1.V$LOGSTDBY_PROCESS displays dynamic information about what is happening to the Data Guard log apply services. This view is helpful when diagnosing performance problems during the logical application of archived redo logs to the standby database, and it can be helpful for other problems. This view is for logical standby databases only.
SELECT STATUS FROM V$LOGSTDBY_PROCESS WHERE TYPE = ‘READER’;
SELECT * FROM V$LOGSTDBY_PROCESS;
2.V$LOGMNR_DICTIONARY_LOAD displays information about LogMiner dictionaries for all active LogMiner sessions on the system. Each query of this view will return one row for each attached LogMiner session
SELECT PERCENT_DONE, COMMAND
WHERE SESSION_ID = (SELECT SESSION_ID FROM V$LOGSTDBY_STATE);
3.The following query can be used to check apply process and what archived logs are being mined currently.
select thread# trd, sequence#,
dict_begin beg, dict_end end,
to_char(timestamp, ‘hh:mi:ss’) timestamp,
(case when l.next_change# < p.read_scn then ‘YES’
when l.first_change# < p.applied_scn then ‘CURRENT’
else ‘NO’ end) applied
from dba_logstdby_log l, dba_logstdby_progress p
order by thread#, first_change#;
4.The DBA_LOGSTDBY_EVENTS view record interesting events that occurred during the operation of SQL Apply. By default, the view records the most recent 100 events. However, you can change the number of recorded events by calling DBMS_LOGSTDBY.APPLY_SET() PL/SQL procedure. If SQL Apply should stop unexpectedly, the reason for the problem is also recorded in this view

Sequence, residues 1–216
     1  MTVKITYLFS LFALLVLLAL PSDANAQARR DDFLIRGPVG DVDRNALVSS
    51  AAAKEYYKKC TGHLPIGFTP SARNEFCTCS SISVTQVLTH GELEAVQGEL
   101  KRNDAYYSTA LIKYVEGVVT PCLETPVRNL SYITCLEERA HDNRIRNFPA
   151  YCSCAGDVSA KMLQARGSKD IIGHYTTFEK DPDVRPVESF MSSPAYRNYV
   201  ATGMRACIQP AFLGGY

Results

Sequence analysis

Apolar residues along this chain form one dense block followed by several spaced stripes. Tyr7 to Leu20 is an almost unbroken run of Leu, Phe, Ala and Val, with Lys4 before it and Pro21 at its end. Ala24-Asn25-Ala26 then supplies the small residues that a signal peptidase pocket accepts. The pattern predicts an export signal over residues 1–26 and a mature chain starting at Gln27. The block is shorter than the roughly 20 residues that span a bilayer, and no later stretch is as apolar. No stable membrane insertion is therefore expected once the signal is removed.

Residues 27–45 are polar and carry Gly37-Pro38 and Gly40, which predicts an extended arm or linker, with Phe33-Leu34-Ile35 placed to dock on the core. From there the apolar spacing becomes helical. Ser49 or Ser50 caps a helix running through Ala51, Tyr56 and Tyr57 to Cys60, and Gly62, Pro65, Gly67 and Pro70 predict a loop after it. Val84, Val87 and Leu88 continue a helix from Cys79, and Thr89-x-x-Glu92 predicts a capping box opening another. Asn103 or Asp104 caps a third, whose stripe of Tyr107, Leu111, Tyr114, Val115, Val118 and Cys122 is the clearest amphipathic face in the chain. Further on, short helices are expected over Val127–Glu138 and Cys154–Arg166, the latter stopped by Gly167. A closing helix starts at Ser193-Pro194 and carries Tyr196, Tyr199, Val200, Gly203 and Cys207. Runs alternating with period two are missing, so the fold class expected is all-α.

SELECT EVENT_TIME, STATUS, EVENT FROM DBA_LOGSTDBY_EVENTS ORDER BY EVENT_TIMESTAMP, COMMIT_SCN;
5.V$LOGSTDBY displays dynamic information about what is happening to the Data Guard log apply services. This view is very helpful when diagnosing performance problems during the logical application of archived redo logs to the standby database, and it can be helpful for other problems. This view is for logical standby databases only
SELECT TYPE, STATUS, HIGH_SCN FROM V$LOGSTDBY;
6.The DBA_LOGSTDBY_LOG view provides dynamic information about archived logs being processed by SQL Apply
select a.sequence_received,a.thread,b.sequence_applied,b.thread from (select max(sequence#) sequence_received,thread# thread from dba_logstdby_log group by thread#) a,
(select max(sequence#) sequence_applied,thread# thread from dba_logstdby_log where applied=’YES’ group by thread#) b where a.thread=b.thread
7.This query is used to check latency between primary and logical standby database.
select latest_time,applied_time,mining_time, (latest_time-applied_time)*24*3600 gap_in_second from V$logstdby_progress;